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A Little Problem with a Simple Integral

  1. Dec 8, 2004 #1
    If we have

    [tex]P(x)=\frac{1}{\sqrt{2\pi}}e^{-\frac{1}{2} x^2},[/tex]


    [tex]I=\int^{+\infty}_{-\infty}dx \, P(x) \theta(x)
    = \int^{+\infty}_0 dx \, P(x)=\frac{1}{2},[/tex]

    where [tex]\theta[/tex] is the step function. Now, using its integral representation, we have

    I=\int^{+\infty}_{-\infty}dx \, P(x) \frac{1}{2\pi i} \int^{+\infty}_{-\infty} \frac{dk}{k} \, e^{ikx} = \frac{1}{2\pi i} \int^{+\infty}_{-\infty} \frac{dk}{k} \int^{+\infty}_{-\infty}dx \frac{1}{\sqrt{2\pi}} e^{-\frac{1}{2}x^2+ikx}= \frac{1}{2\pi i}\int^{+\infty}_{-\infty} \frac{dk}{k} e^{-\frac{1}{2} k^2} .

    But the integral over [tex]k[/tex] is calculated using residues and gives [tex]2\pi i[/tex] times the residue at [tex]k=0[/tex], what gives simply [tex]2\pi i[/tex] for the integral over [tex]k[/tex] and the wrong result 1 for the integral [tex]I[/tex]. I cannot see the catching. What is wrong with this calculation?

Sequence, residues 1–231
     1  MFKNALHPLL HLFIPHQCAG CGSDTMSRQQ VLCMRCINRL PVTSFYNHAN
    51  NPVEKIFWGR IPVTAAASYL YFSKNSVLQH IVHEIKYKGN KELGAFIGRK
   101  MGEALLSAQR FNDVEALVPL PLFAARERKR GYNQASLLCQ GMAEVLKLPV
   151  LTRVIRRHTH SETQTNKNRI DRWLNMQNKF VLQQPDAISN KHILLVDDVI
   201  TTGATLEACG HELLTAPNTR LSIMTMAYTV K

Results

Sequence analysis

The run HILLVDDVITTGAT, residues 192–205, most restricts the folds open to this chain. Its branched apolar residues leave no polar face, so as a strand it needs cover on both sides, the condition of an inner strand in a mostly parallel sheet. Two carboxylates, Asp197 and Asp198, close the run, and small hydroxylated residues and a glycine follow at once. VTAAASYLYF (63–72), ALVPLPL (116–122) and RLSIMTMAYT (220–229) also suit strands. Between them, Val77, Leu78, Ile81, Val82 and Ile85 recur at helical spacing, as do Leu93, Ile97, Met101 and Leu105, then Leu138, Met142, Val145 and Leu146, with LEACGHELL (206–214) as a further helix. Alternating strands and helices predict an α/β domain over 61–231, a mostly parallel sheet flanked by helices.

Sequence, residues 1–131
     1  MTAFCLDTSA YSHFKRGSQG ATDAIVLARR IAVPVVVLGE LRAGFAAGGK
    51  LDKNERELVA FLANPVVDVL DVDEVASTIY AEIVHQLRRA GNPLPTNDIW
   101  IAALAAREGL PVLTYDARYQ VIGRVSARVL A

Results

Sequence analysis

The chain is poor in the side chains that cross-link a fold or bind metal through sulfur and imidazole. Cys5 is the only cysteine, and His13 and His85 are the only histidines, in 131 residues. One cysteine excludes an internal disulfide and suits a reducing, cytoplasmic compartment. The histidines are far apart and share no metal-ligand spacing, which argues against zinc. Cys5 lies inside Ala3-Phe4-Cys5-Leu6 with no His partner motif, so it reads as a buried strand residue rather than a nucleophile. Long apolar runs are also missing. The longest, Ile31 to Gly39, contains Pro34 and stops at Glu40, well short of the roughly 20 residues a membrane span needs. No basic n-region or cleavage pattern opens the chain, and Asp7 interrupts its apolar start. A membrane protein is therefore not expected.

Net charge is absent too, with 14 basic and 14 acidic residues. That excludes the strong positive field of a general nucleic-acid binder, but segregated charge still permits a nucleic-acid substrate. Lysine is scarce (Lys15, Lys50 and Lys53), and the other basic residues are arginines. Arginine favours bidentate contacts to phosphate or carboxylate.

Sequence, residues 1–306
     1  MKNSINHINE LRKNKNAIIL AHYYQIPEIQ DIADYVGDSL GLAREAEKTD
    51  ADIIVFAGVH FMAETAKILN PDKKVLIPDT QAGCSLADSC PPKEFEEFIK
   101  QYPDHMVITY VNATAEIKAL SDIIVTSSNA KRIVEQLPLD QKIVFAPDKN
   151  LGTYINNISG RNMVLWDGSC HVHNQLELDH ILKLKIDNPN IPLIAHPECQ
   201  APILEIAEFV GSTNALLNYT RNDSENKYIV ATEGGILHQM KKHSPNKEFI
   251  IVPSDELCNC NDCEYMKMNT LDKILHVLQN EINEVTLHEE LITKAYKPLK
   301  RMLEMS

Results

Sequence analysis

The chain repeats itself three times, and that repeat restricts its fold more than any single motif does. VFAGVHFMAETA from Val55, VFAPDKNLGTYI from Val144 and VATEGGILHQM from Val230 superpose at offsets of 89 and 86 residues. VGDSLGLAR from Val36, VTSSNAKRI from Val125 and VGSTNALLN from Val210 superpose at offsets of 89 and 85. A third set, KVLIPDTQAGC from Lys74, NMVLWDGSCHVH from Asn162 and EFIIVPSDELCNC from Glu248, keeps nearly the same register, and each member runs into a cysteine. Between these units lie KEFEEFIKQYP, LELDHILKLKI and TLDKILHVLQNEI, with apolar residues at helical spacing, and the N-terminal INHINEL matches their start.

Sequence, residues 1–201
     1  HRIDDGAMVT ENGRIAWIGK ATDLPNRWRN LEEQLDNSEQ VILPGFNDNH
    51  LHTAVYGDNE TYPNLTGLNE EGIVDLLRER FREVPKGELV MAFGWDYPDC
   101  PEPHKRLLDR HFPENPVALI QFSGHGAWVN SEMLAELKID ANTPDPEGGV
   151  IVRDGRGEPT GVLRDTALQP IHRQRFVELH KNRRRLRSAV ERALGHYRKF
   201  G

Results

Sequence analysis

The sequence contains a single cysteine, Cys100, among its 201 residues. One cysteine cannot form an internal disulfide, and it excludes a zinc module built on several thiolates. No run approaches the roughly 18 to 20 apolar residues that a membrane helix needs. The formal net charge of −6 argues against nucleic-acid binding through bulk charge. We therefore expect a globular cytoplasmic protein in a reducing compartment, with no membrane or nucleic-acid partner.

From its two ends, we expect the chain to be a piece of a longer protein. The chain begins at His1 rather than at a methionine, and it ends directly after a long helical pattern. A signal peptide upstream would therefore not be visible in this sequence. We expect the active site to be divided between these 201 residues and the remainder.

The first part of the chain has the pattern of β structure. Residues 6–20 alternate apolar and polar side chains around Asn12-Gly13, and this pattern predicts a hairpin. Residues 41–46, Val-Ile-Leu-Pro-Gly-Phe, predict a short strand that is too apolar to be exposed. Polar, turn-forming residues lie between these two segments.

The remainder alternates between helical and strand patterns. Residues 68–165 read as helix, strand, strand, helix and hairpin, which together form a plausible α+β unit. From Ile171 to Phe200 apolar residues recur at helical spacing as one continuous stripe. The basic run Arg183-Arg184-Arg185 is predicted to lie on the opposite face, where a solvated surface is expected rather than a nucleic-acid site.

2. jcsd
  3. Dec 8, 2004 #2


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    Homework Helper

    Could you explain how you got from the second to last to the last expression? Also, I don't think you can close that last integral, because k is squared. So it will only go to 0 as R goes to infinity if -(x^2-y^2)<0, or |x|>|y|, where k=x+iy, and this is not true over the entire contour.
    Last edited: Dec 8, 2004
  4. Dec 9, 2004 #3
    The passage you're referring to is a gaussian integration. I'm not so sure (maybe all the problem is here), but I think that I can consider the integrated function as [tex]e^{-|k|^2/2}[\tex], what gives k squared for the reals and has not the problem you mentioned.
  5. Dec 9, 2004 #4


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    I don't think you can do that. |k|^2 does not equal k^2 for complex numbers. In particular, the first is real while the second isn't.
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